Retrieving hidden water contribution to river from space: focus on the Seine basin

Image of the Month - December 2018

Discharge (in grey), baseflow reference estimate (black), and two Swot estimates, depending on the number of revisits (red and blue). Even in the case of only one measurement on 21 days, the Swot estimate is close to the reference one (Credits Mines ParisTech)
Seine basin (France)
Number of Swot revist planned during the Science phase over the Seine Basin.
Water inputs for river discharge (Credits Mines ParisTech)
Discharge components - baseflow and quickflow (Credits Mines ParisTech)

Rain is not the only provider of water for rivers either by direct precipitation or runoff. The baseflow, i.e. the river discharge with no rain, represent the minimum flow a river can have. It is coming from groundwater and also delayed flow (e.g. snowmelt). Its quantification is of primary importance to evaluate the impact of climatic and anthropogenic stresses on the availability of water resources; it is also of importance for the formation of cold thermal refuges for some fish species. This is difficult to measure directly, and only possible in situ, but baseflow can be estimated using the overall river discharge, or even estimated at basin scale. Since discharge is one of the expected outputs of Swot for rivers over 50 to 100-m wide - not direct measurement either, but using modelling and the surface water heights which will be the actual Swot measurements -, we can hope to be able to monitor continuously baseflow at global and basin-scale using Swot-derived data.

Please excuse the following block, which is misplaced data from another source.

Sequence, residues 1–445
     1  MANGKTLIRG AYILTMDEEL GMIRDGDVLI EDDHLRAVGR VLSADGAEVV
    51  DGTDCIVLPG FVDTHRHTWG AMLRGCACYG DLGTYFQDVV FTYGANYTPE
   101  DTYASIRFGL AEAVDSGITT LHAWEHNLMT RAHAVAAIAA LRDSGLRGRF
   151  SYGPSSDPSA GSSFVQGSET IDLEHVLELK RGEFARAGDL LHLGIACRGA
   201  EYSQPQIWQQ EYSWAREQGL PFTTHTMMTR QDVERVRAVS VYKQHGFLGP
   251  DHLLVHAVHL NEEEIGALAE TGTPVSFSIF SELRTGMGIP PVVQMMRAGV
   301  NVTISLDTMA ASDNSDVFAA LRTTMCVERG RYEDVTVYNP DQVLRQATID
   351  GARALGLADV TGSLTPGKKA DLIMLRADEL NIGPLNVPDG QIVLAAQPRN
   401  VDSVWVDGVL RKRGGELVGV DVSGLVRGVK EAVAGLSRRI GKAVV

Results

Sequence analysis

But will Swot measurements be frequent enough for such an estimation to be interesting? Will they sufficiently sample the river basins? A test was made over the Seine basin in France, using discharge time series simulated at a daily time-step by a coupled hydrological-hydrogeological model to obtain the reference base flow estimations. The Swot sampling, even when considering the worse case of only one measurement every 21 days, seems to retreive well enough the baseflow; it can miss high amplitude and high frequency peaks and sharp variations, but those are mostly part of the quickflow.

A whole new field of applications is being developed even now, three years from Swot launch, to be ready when the measurements will be coming in. Teams all around the world are working on those, and meet several times a year to check on their progress.

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